Providing measurable data to the hiring manager gives them some reassurance about your ability to perform required tasks. If you have worked on projects with a strict budget and timeline, adding specific figures gets you closer to landing the job. In case you lack professional experience, you must add a flawless education section.

  • Showcase your Technical Abilities in the Additional Skills Section

Hiring managers are in search of business analysts with a strong technical skillset. So, if you are a business analyst (or an aspiring one), make sure your resume's skills section shows off all of your technical expertise. Business analysts should know about database systems and project management software and have experience with different programs and applications.


Tip - To give their additional skills section some flavor, applicants can use adjectives like "Expert," "Skilled," and "Proficient."

Laptop with business analysis pie charts

Being adept in using diagramming and graphics applications is required from a business analyst as they need to break down complex data into easy-to-grasp diagrams. So applicants can mention their Miro or Microsoft Visio skills, which are highly desired by hiring managers. For example, facilitating the use of Invoice apps makes payments easy for freelancers.

  • Focus on specific job requirements and address the company's needs for that job.

  • It is easier for the employer to see if you have what it takes to do the job if you know the qualifications and duties required for it and organize your resume.

  • Prepare and share a Gap Analysis Document against the employer's job description and how you match-up to the employer's requirements.

The Only objective of your resume is to get an interview invite, not get the job.

Sections of a Resume

Aspects to Include in the Header / Left sidebar.

  • Name - Abbreviations are OK - Add call name

  • Photo - Clear

  • Address

  • E-mail address

  • Telephone number - Keep Voicemail message professional.

Profile summary

This is the opening paragraph and will decide whether the hiring manager will go further or not. This must highlight how you meet the key expectations of the employer. Sample profile summaries:

Senior Professional

A highly accomplished business analyst with expertise in complex stakeholder management, multiple project delivery methods, and proficiency in BA tools such as Jira, Balsamiq, and MS Visio. CBAP Certified from International Institute of Business Analysis, Canada. A motivated team player has mentored business analysts and is eager to contribute to its strategic changes.

Junior Professional

A trained business analyst with expertise in elicitation, requirements documentation, product backlog management, and proficiency in BA tools such as Jira, Balsamiq, and MS Visio. ECBA Certified from International Institute of Business Analysis, Canada. A motivated team player and eager to contribute towards successful project execution.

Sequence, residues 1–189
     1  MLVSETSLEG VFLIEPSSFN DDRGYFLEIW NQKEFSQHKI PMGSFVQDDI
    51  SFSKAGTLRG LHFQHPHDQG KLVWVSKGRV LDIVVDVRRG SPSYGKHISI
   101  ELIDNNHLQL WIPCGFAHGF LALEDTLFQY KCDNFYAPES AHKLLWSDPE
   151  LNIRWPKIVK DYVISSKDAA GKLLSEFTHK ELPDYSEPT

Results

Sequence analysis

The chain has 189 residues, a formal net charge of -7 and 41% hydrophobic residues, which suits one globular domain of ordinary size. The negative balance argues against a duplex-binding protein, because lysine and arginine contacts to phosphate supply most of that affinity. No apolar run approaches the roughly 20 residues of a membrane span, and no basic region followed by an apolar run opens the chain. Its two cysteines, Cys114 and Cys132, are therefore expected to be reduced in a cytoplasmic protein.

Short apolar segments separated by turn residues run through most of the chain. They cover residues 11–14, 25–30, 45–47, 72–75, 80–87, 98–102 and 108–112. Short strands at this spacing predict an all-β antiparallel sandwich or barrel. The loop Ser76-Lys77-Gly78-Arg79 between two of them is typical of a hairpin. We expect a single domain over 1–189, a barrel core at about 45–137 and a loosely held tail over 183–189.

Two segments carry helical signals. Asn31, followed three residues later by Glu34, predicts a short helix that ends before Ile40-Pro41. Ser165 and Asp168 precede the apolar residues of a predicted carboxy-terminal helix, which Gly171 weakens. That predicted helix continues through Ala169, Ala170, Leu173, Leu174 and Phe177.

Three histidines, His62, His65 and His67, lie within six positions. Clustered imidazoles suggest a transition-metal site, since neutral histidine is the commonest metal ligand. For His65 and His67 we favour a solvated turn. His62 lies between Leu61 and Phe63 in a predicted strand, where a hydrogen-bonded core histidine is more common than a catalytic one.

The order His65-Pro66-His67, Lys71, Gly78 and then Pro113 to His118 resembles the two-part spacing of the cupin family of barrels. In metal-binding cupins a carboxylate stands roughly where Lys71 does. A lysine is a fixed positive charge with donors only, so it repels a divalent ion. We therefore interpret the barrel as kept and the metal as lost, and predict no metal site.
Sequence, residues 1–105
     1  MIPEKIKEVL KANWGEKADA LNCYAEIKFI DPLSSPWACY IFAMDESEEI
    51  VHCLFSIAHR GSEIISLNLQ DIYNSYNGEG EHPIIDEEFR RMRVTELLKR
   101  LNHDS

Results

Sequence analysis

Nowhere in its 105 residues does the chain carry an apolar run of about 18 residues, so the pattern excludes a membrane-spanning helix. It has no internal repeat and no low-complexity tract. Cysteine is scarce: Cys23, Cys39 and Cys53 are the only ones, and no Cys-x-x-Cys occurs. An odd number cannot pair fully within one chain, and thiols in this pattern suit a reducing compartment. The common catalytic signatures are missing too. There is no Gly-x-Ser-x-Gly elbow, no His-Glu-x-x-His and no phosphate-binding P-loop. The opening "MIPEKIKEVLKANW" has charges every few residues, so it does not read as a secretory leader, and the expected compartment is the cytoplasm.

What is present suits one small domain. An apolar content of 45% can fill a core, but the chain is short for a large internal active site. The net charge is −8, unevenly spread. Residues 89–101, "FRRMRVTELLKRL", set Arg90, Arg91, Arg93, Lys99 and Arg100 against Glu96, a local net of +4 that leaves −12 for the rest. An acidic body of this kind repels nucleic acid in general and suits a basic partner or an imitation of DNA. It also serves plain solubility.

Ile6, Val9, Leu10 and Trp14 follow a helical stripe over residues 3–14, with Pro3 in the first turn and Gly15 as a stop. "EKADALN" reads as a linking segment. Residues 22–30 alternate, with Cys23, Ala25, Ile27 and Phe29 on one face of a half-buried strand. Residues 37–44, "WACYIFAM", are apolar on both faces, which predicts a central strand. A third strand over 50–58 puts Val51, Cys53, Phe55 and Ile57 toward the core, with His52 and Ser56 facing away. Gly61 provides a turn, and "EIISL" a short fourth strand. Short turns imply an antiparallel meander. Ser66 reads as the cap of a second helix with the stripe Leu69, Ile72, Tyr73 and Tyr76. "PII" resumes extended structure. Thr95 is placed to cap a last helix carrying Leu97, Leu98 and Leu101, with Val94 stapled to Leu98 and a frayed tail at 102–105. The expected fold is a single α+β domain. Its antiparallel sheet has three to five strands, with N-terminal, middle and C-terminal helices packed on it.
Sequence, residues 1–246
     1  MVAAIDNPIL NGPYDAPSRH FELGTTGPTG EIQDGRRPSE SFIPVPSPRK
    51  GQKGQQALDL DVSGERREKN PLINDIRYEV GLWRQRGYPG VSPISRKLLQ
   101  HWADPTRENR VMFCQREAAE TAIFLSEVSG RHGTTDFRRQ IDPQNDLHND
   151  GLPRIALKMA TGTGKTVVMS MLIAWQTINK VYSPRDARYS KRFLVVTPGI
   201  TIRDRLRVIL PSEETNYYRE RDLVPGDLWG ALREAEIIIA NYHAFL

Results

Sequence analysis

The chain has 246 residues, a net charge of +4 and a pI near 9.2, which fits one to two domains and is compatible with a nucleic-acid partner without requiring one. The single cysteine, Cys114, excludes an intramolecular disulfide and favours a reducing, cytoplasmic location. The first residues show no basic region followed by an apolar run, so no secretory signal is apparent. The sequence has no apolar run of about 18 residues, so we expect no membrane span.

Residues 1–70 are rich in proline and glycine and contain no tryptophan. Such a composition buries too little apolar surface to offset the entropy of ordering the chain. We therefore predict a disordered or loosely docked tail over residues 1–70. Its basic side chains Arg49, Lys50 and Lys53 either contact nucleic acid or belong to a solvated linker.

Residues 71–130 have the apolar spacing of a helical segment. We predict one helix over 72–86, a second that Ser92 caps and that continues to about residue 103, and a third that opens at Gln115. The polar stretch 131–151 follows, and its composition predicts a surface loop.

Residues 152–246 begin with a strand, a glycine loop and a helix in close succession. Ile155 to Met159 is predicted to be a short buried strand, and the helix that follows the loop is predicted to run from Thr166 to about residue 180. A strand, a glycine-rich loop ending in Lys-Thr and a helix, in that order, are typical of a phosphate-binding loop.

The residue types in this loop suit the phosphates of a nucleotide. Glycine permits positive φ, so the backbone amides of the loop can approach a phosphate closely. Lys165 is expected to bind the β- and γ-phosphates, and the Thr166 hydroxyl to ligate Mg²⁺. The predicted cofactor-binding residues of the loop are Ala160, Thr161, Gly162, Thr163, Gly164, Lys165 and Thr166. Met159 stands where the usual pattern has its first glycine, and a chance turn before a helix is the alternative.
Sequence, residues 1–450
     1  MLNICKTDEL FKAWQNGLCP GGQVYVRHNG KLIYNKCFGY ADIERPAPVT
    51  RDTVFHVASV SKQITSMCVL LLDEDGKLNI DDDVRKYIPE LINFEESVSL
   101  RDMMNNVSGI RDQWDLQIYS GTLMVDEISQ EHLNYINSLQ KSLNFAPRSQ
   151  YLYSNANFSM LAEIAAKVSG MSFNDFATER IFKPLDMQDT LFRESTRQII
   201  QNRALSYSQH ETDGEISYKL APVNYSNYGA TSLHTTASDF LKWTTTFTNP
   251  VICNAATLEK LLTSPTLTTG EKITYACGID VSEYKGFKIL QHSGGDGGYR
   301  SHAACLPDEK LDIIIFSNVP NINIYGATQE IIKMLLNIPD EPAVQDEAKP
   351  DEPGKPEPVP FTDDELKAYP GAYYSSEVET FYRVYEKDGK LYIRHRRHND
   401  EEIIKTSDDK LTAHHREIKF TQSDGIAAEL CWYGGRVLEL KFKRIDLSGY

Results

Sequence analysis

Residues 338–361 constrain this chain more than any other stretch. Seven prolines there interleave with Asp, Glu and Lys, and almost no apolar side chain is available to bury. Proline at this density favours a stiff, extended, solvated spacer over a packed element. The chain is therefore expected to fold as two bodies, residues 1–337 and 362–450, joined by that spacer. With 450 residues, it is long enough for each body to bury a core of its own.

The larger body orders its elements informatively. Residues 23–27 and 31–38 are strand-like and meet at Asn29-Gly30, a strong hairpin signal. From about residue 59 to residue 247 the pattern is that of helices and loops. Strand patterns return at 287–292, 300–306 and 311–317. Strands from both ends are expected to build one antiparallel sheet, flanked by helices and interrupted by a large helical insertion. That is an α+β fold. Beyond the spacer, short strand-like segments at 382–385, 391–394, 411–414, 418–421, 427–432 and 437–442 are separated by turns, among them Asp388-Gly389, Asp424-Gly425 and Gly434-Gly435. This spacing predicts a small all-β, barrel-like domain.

Summary of Skills (Profile)

  • An outline of relevant skills, knowledge, and accomplishments.

  • Fill this section specifically tailored to the job to which you're applying.

  • If it is well written, this section can help a potential employer focus on your strengths.

  • Think carefully about what skills you have to offer.

Work experience

  • Think in terms of experience, not employment or work history.

  • Be sure to include internships and unpaid positions if they are relevant.

  • Be concise in your descriptions of what you did.

  • Do not use "Responsibilities included" or "Duties were."

  • Translate specialized skills and interests into everyday language.


  • Include degrees, expected date of completion if you are still pursuing one, relevant coursework, and merits and awards (placed under the appropriate degree)

Additional categories

  • Professional memberships/Leadership

  • Community Activities

  • Computer skills

  • Publications/Presentations (much briefer than on a CV)

Resume Dos

  • Please remember, your resume is an advertisement for your skills and is not your autobiography.

  • Begin each bullet point with a verb.

  • DO show the reader why you're a good match for a particular job.

  • Always make several resumes, with each one tailored to a particular field.

  • Refer to other resumes to see how they are written.

  • Use reverse chronology ( putting the most recent position as your first entry) while organizing your education and experience.

  • Format your Resume.

  • Ask others to look at it and proofread it multiple times.

  • Remember that most employers will only look at resumes for a maximum of 15-30 seconds.

  • Use action verbs

  • Use short, concise sentences so that it's easy to read.

Resume Don'ts

  • Making your reader dig for information.

  • Revealing everything you've ever done.

  • Using complete sentences.

  • Including personal information, such as age, race, marital or health status.

  • Making your resume too dense, busy, or cute.

  • Never use a font smaller than 10 points.

  • Never use fancy fonts that are hard to read.  

  • Avoid abbreviations or acronyms.

  • Avoid the pronouns such as I, me, my, etc.

  • Avoid including references.

  • Clutter it with nonessential information.

  • Never make any misrepresentations.

  • Never include personal information such as SSN, age, sex, height, weight, marital status, photograph, etc.

When You Should Make a Cover letter

  • If it has specifically been asked in the job offer

  • If requested for one by the employer, hiring manager, or recruiter,

  • If you are applying directly to a person who is known to you

  • If someone has referred you for the position.

Sample Resume 1:

Add professional experience details below this.

Adaptive US Resume Prep Training – Crafting Effective Resumes